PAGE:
The TLDR; after helping multiple graduates get up and running, I kept seeing the same patterns repeated. Gifted individuals being let down a bit by the onboarding process. With a bit of help, they could get the best out of themselves and contribute to the team far earlier. So, I went a wrote a book about just that. It’s on pre-order, with a 20% discount for Medium readers (using the link given above).

There’s also a free sample available where you can get 3 chapters and see the full table of contents.

The longer version goes a bit like this:

I saw the same bad patterns:

TLDR; Developers think of productivity as learning their IDE and the command line — but maybe they don’t think of personal project management. Affiliate link to a course I wrote in this post. Coupon code of “jamesbowen” for 30% off a membership of your chosen length. But until May 10th, you can use a coupon code of ‘TEACHER60’ for a 60% discount.

Developers — do you have a productivity setup that suits your needs?


During lockdown in Melbourne, I took the time to publish an audio course for the company Listenable, who specialise in bite-sized audio courses for the time-poor. …

Having passed the AWS Developer Associate exam back in March, I pondered what I would have liked to have known from the start. Initially I had accepted that there aren’t really shortcuts, although you can work smarter for sure.

If you want the ability to do the job, rather than just getting the piece of paper, you need to be disciplined. You need to be prepared to sacrifice a few months to be ready and be smart about how you train. I’ve laid out a plan for people and it’s really a case of the following:

Don’t let the fact it’s multiple choice fool you

Whilst some answers you…

Photo by Prateek Katyal on Unsplash

I answered this question on Quora back in December and it proved very popular, so I hope this provides some inspiration to those that feel like they are struggling. It’s based on my own experience, so it’s practical and not theoretical — at least I hope people find that to be the case.

The original question was this:

I have been working as a software developer for 10 years but my programming skills is still weaker than junior developers, I don’t want to lose hope and still want to work as a developer, what should I do to improve?


I recently answered a question that interested me on Quora, “What is the number one reason most developers never finish a personal project?”

I think it’s down to motivation at the end of the day. You start off super keen on a new idea, but then your enthusiasm wanes. Why? Well my own experience my mistakes are pretty one or more of the following categories.

Failure to set a scope for success

What are you actually trying to achieve? If it’s just a case of learning a new language or framework, then what constitutes reaching that goal to you? Without…

Recently at work, a combination of project scheduling, experience and expertise meant I found myself leading a mini-project, rather than just being a team member. What started out as a spike needed to be made production ready.

We needed to write tools that could integrate a code scanning tool into our bamboo, Jenkins and Amazon CodeBuild pipelines. Our motley crew comprised the stereotypical 2 and a half men - myself, a recently appointed graduate and an analyst from the security team who was too overwhelmed with other work to commit to the project full time.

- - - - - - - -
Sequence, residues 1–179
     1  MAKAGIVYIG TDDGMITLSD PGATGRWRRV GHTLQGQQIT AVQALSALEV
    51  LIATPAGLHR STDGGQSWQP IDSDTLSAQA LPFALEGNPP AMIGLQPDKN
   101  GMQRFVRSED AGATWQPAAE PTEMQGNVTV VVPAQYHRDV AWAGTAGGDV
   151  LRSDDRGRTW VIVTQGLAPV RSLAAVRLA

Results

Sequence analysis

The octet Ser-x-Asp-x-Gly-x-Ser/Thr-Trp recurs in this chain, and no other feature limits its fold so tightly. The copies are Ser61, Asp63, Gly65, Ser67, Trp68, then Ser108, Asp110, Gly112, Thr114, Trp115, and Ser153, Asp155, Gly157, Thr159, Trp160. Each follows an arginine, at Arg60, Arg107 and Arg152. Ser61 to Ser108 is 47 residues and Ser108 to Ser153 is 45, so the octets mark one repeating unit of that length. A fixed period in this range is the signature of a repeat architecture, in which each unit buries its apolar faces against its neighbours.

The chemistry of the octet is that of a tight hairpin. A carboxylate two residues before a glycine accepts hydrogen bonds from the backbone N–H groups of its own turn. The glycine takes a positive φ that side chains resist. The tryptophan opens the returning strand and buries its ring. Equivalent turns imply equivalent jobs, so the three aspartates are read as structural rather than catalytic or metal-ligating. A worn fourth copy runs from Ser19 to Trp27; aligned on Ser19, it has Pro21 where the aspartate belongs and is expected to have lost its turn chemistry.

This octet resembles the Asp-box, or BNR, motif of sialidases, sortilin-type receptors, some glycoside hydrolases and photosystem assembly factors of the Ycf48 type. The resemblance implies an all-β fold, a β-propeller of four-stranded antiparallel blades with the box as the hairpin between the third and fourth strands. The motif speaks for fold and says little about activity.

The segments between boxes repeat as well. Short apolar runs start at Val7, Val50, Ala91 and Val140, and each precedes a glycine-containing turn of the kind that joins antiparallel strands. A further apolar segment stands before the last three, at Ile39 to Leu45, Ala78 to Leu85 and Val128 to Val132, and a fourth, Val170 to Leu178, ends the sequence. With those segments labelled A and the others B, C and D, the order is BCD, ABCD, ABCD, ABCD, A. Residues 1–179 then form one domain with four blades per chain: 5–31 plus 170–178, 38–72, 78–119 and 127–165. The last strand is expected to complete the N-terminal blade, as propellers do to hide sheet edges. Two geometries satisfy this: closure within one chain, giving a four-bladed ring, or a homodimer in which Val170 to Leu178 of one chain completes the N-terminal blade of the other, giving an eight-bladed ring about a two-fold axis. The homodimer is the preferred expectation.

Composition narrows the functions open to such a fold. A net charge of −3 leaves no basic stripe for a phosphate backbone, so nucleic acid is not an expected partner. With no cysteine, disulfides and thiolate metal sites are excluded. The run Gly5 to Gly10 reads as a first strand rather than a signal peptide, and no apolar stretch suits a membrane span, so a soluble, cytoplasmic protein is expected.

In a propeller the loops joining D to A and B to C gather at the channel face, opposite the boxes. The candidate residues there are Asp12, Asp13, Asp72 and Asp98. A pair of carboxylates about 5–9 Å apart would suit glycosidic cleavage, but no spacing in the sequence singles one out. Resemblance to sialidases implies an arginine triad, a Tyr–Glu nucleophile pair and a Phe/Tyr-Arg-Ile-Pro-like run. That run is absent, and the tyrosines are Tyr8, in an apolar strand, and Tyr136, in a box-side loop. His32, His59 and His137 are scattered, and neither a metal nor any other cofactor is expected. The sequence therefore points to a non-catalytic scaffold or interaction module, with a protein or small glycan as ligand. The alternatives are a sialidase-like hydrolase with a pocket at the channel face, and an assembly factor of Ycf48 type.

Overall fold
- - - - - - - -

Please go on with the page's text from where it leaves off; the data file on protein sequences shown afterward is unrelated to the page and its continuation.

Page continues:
Whilst the young man in…

GTD at a High Level

GTD looks baffling at a first glance, but with a little practice, you’ll see how intuitive the flow actually is. The diagram is taken with permission from the book, which I recommend (even though I do get a tiny amount from an affiliate link I truly believe in it).

The flow

The diagram to the right explains the secret sauce to processing everything. I’ll go more in depth with real examples in another post, but for now just realise this. Everything that comes into your world is subject to the following flow:

Decide whether you need to do something about it

Regardless of whether it’s come into your head, from a…

So here, I’m going to go through a sprint example using GTD ®. The purpose of this is to show how the principles of GTD can apply to a real world example. Some of the data with actual people’s names etc is blurred out, but the underlying principles will still be apparent, each kind of ‘external input’ will be translated into a GTD input.


As I use a Mac at work, I’ve opted for OmniFocus and Freemind. The choice of tools is a matter of personal preference, although I found OmniFocus fits my needs. …

I am starting out unapologetically singing the praises of GTD, by arguing no developer should be without a way of planning their work, and this is the best way I’ve found to date. Disclosure — that’s an affiliate link, and it helps me, but it won’t cost you any more, just getting that out upfront.

I’ve spoken to many a developer who thinks it’s too convoluted, inefficient, overkill or unwieldy. …

In the bid to get through more books per year, I’ve followed the approach of seen cited in various podcasts, to read 20 pages a day.

My reason or this is simply to get through some of my bookcase this year, rather than just letting the collection grow or gather dust. I find books often provide a better structure on subjects than articles which make me gather the parts together myself.

During a pre-Christmas rummage through a charity shop in Melbourne., I spotted a copy of “Double Your Learning Power” by Geoffrey A. Dudley, and wondered if there might be pointers in there for those of us that often have to learn new info on the job.

The basics don’t change — much..

The first thing that struck me about this was…

James Bowen

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